Server clustering making slow gains

Software plans for making high-end computing jobs less susceptible to system crashes are ratcheting ahead. The niche has some analysts making large growth predictions.

Stephen Shankland
Stephen Shankland principal writer
Stephen Shankland has been a reporter at CNET since 1998 and writes about processors, digital photography, AI, quantum computing, computer science, materials science, supercomputers, drones, browsers, 3D printing, USB, and new computing technology in general. He has a soft spot in his heart for standards groups and I/O interfaces. His first big scoop was about radioactive cat poop.
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Software plans for making high-end computing jobs less susceptible to system crashes are ratcheting ahead, with improvements coming to products for Linux and Windows.

The products fit into the realm of "clustering," in which one server can take over for another that crashes. When it works--and it's difficult to create and install such software--it can mean that back-end server failures won't disrupt activities such as a bank teller depositing a check, an eBay customer bidding for a trinket or a car dealership recording a new purchase.

But clustering is expensive and difficult to accomplish. Microsoft initially hoped clustering would give the company an edge on its Unix server competition, but the effort took years longer than hoped, with clustering still only an option for high-end products. Even in the Unix market, where software developers have had more time to get the technology working, it's relatively rare. And smaller companies such as Mission Critical Linux that are trying to sell clustering products must face established leaders such as Veritas.

In a recent survey, IDC analyst Jean Bozman found that clustering still is comparatively rare. Nearly half of the companies she surveyed had clustering set up on less than a tenth of their servers. But adoption is growing for important server tasks.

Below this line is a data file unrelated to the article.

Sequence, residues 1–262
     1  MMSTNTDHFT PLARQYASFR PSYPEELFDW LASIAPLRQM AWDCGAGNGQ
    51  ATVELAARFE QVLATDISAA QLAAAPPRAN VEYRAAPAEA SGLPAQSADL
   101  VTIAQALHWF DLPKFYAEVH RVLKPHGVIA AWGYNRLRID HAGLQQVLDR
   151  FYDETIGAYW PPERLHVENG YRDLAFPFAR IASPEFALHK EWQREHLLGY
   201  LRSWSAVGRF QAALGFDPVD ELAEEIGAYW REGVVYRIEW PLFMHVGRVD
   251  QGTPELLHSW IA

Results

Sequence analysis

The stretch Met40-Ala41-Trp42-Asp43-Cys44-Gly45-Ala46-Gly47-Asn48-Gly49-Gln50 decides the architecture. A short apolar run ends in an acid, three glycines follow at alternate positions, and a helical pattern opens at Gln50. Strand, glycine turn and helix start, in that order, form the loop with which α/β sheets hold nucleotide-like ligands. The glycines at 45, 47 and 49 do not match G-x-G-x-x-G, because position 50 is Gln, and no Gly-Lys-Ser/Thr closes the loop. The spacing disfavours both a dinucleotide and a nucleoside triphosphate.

Companies will spend about $6 billion on clustering products this year, Bozman predicted, with about $4 billion of that for Unix systems. In 2005, she predicted, spending will increase to $14 billion, with Windows growing faster but still accounting for less than half the market.

Products to make clustering more useful are creeping along. NSI Software on Wednesday released a new version of its GeoCluster software, which lets one Microsoft Windows server take over for another in a different location. That's useful to protect against fires, earthquakes or other local disasters.

The new version 4.1 doesn't just support the underlying operating system but extends the protection to Microsoft's Exchange e-mail server software. It also ties in with Microsoft's Active Directory, which lets a server keep track of numerous features of a computer network, such as user passwords and access privileges.

Geocluster's product costs $4,495 per server, the company said.

Another company hoping to profit from clustering is Steeleye, whose LifeKeeper product was spun off from NCR in 1999. Steeleye supports Windows, Linux and Sun Microsystems' Solaris version of Unix.

Like NSI, Steeleye is pushing its clustering support to higher-level software. Its newest product, SteelEye Disaster Recovery, includes support for Microsoft's Exchange e-mail software, Internet Information Server Web server software and SQL Server database software. It also supports Oracle database software, SAP's high-end business and accounting software and other packages.

The Disaster Recovery product currently runs only on Windows servers, but Linux support is expected in early 2002, the company said. The product costs a minimum of $9,500 per site.